Is Work ‘A Golden Country Club’? 3 Strategies to Embrace Diversity in the Workplace
I’ve coached many managers and leaders who feel diversity and inclusion have no bearing on their office culture or their organization’s ability to innovate and succeed. As such, they pay little, if any, attention to D&I when hiring and developing company policies and procedures.
An example of this emerged during a client’s group coaching session, in which Todd, a department manager, said that he never considered race, gender, or any other aspect of diversity when hiring. “I just hire the best person for the job,” he emphatically declared.
Moments earlier, a colleague from outside his department had just revealed that Todd’s team was known as the “golden country club” for its lack of diversity and boys’ club vibe. This was not news to Todd—he was well aware of his group’s reputation. In addition, he had heard others outside the department refer to his team as the “workplace fraternity,” and now that he had the floor, he was explaining just how the demographics and culture of his team had come about and why they weren’t an issue.
Just then, a newer member of Todd’s team, Michael, spoke up. He shared that his wife had challenged him recently, stating that he was oblivious to the fact that all of his direct reports were white, heterosexual males between the ages of thirty and sixty—just like him. Not only were all of his direct reports members of that demographic, but the entire department was homogeneous and it had been that way for decades. Unlike Todd, Michael was beginning to see why this was an issue.
After the session, Michael approached me to request one-on-one coaching. He said that “things are pretty good around here,” but after his wife’s comment, he couldn’t just maintain the status quo. She had been experiencing blatant gender discrimination at work, and he was deeply bothered by the realization that his team dynamics were strikingly similar to the ones at his wife’s organization. After hearing about her experience, he had begun to understand how problematic it was. He was visibly emotional when he said, “I had to look my wife in the eye and admit that I’ve been contributing to the system that is causing her so much distress.”
Michael wanted to explore ways to bring more diversity into the department, but he was apprehensive about how shaking things up would be received by his peers. Todd’s resistance to acknowledging that his department had any issues was a perfect example.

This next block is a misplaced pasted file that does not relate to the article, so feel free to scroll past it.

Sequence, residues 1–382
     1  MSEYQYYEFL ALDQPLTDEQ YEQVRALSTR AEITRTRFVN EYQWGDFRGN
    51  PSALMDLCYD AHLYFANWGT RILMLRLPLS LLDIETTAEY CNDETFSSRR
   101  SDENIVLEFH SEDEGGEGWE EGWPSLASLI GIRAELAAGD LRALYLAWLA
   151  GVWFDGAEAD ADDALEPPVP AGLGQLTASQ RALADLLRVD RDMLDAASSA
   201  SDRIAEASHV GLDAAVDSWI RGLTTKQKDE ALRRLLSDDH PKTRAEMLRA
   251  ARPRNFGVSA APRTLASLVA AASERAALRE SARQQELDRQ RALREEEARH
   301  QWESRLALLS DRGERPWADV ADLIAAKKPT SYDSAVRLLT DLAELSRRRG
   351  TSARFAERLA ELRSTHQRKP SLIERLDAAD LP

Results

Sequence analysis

Does this sound like your situation? How can organizations, managers, and even everyday employees challenge the status quo? There are three important takeaways from this story:
1. Open Your Eyes & Ears
Organizations need to open their eyes and ears to the ways in which subtle discrimination and unconscious bias manifest in the workplace. In this case, Todd didn’t think he was exclusionary because he “doesn’t see differences,” but the makeup of his department told a very different story.
2. Create A Space Where People Feel Comfortable
Sometimes we have to voice the bad to get to the good, and that requires creating a space where people feel comfortable sharing things they may not be proud of. Despite the current flaws in his department’s culture, at least Michael felt comfortable sharing his concerns with his peers. Then later, coaching provided him a safe space in which to discuss the circumstances one-on-one, which opened the doors for positive change at his organization.
3. Challenge Flawed Thinking
We must also call out the flawed thinking that hinders progress. If the Todd in our organization says, “I just hire the best person for the job,” we should respond, “Great, that is exactly what we all want to do throughout our organization. Let’s discuss how increasing diversity helps us ensure that we acquire and retain top talent.” The unspoken truth in Todd’s statement is that some leaders feel that hiring with a diversity lens means settling for less than the “best.” That myth needs to be challenged and corrected with awareness and coaching to get to the source of the fallacy.
Anyone can conform to his or her organization. I’m challenging you to look for opportunities to transform your organization and empower your employees to do the same. Will you?
La’Wana Harris is a Certified Diversity Executive and an ICF Credentialed Coach who has created diversity and inclusion awareness programs, cultural competence programs, and overall integrated management solutions. Throughout her career as a global leadership development professional, she has conducted trainings around the world, including the United States, Canada, Europe, Asia, and South Africa. She is the author of, Diversity Beyond Lip Service: A Coaching Guide for Challenging Bias. Learn more at lawanaharris.com.
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